John Edwards’ Might’ve Walked But Trial Still A Warning For Politicians

With a not-guilty verdict on one count and the jury deadlocked on five others, it appears John Edwards’ federal trial on campaign-finance charges ended with a wimper, certainly from the Justice Department’s point of view.

At first blush, it can be argued that how the trial of the former U.S. senator from North Carolina ended may do little to deter politicians going forward from raking in money from supporters that with a some sleight of hand might be spent on practically anything.

After all, if a married presidential candidate, as Edwards was in 2008, can get away with supporters paying millions of dollars to hide his mistress and the baby from that affair, as was the case with Edwards, it strains the imagination to come up with what isn’t possible.

Some analysts have certainly described the case as a pre-Citizens United relic; that the 2010 Supreme Court decision made the giving of unlimited money to superPACs so relatively easy that wealthy donors can readily shovel unlimited money towards their preferred candidates, even if only indirectly.

But while the trial was a clearly a loss for the prosecutors, some analysts believe that it wasn’t a total loss for the notion of campaign-finance law.

That’s because they believe that despite the outcome, the trial sent a powerful message that while prosecutors might fail to secure a criminal conviction, they can make life miserable for any politician they target. In other words, the fact that it may keep many politicians anxiously looking over their shoulders is a good thing.

Rick Hasen, a law professor at the Loyola Law School in Los Angeles who writes the Election Law Blog, said by email:

“…The very fact that he was prosecuted is what matters — and is already causing candidates and their campaigns to be very careful. We’ve seen high profile campaign finance-related prosecutions from Edwards to Ted Stevens to Don Siegelman to Tom DeLay.

“A prosecutor looking to make a name for himself or herself has a reason to stretch the campaign laws and prosecute prominent prosecutions criminally.”

While Edwards’ acquittal could make make prosecutors less likely to bring such cases, it doesn’t mean it’s impossible that they will, he said.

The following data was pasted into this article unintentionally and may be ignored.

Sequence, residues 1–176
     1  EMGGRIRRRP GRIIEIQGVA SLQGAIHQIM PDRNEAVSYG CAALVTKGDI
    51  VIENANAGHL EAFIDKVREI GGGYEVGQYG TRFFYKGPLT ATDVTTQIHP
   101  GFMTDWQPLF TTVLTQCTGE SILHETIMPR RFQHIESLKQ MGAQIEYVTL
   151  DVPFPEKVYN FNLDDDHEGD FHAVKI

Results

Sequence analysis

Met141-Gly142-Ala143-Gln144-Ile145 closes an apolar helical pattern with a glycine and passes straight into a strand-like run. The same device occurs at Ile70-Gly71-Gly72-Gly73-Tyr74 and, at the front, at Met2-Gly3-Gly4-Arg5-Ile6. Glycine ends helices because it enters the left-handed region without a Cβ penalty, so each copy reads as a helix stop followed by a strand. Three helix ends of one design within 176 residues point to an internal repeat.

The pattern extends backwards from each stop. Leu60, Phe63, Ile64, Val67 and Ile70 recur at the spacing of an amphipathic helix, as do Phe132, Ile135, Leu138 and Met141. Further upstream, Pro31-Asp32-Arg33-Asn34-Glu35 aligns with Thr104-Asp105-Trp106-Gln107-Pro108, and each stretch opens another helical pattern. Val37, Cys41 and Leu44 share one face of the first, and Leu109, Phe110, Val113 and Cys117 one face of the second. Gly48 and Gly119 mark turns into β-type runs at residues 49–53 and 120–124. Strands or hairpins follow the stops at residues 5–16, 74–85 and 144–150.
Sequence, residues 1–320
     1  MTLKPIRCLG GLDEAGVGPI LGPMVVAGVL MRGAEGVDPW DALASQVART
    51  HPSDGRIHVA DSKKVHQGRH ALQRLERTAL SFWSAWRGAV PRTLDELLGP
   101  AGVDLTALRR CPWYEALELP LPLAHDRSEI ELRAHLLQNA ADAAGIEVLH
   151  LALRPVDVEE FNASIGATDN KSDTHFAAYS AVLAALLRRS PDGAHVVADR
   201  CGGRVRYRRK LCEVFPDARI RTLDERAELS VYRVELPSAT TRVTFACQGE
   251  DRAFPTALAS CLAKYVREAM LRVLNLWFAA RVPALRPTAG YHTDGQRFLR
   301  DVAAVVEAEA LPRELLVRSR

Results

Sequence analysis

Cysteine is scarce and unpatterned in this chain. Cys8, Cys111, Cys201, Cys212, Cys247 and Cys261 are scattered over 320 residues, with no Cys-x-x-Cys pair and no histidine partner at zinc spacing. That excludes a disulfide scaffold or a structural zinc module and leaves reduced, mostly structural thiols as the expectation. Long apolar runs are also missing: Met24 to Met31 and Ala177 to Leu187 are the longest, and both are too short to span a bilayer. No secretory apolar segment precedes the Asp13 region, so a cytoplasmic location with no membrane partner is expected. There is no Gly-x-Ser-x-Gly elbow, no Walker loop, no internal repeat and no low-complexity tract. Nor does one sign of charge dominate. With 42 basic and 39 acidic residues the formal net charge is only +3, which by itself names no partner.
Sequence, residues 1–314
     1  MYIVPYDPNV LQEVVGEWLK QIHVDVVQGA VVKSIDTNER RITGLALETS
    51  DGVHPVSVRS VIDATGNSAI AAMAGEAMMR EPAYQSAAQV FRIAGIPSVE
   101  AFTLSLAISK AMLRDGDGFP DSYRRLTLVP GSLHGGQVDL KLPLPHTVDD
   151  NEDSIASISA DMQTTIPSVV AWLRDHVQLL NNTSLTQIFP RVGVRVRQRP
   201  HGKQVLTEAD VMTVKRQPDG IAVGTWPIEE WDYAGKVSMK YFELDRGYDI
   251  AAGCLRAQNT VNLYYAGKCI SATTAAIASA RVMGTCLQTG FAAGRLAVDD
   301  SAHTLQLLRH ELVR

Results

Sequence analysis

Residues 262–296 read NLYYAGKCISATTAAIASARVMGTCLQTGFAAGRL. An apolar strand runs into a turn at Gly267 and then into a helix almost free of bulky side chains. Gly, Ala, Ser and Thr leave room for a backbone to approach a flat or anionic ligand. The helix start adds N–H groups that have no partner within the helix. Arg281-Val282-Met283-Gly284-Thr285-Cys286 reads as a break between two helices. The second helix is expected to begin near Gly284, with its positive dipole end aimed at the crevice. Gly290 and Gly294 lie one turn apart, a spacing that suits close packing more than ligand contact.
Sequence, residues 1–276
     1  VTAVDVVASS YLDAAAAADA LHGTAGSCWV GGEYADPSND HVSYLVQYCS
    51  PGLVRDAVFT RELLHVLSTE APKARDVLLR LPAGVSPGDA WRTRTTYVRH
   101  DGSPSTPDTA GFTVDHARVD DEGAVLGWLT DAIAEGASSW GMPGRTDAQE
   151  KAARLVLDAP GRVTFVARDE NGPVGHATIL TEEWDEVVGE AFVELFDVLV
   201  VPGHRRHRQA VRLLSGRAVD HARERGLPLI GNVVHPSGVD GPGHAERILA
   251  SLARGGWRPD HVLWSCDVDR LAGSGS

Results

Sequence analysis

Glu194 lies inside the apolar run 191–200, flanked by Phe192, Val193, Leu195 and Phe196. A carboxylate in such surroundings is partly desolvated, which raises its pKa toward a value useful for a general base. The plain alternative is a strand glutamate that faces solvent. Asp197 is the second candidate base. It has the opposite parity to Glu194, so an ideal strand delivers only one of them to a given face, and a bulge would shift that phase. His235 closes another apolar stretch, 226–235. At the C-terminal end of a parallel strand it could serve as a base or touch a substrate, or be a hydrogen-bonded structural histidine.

And that possibility stands out there as a stark warning to politicians of what could happen if they decide to walk right up to the edge of the existing law, even with all its ambiguities as to what constitutes a campaign contribution or “willful” and “knowing” violations of the law by a political candidate.

Meridith McGehee, policy director, for the Campaign Legal Center, said despite the weaknesses in the prosecution’s case, flaws she found surprising given how high profile it was, for instance, how much of it rested on the credibility of former Edwards aide Andrew Young, the effort was worth it.

“I’m glad that they brought it. Otherwise it would be sending the signal that this kind of behavior unpunished and unexamined”

She doesn’t buy the argument that Citizens United has so turned campaign finance law so upside down that anything goes. Edwards’ wealthy supporters Rachel “Bunny” Mellon and the late Fred Barron would have still had some constraints on what they could spend on, she said:

“It’s true that Mellon and Barron could have given large and unlimited amounts to a superPAC. But that’s very different than paying off a mistress. That’s where I think the argument falls apart.

“I think even for a superPAC to some degree they have to abide by bona fide campaign expenses. Do I think they would get away with it. Hey, with this (Federal Elections Commission) they would get away with murder.”

Because the six-member FEC is has an even partisan split, it often deadlocks on enforcement measures, making in many instances little more than a paper tiger.

Like Hasen, McGehee believes the Edwards trial will make many politicians think twice before doing anything that would expose them to the sort of treatment Edwards received:

“The public flogging, if you will, will serve as a deterrent for anyone not looking to be publicly humiliated. And his family who’s humiliated. For me, the most heart-wrenching spectacle through this whole thing was watching his daughter going to court everyday and hearing what was going on with him, what was going on with her parents marriage. I don’t think how any sane individual could say ‘Oh, he didn’t get convicted. Maybe I’ll try going this route.’

“Obviouslly, politicians clearly have big egos and the blind spots those egos create. But I don’t think anyone would look at what Edwards has gone over the last few years and say ‘Oh, he got a way with it, so therefore I don’t need to be careful.’ “

Copyright 2012 National Public Radio. To see more, visit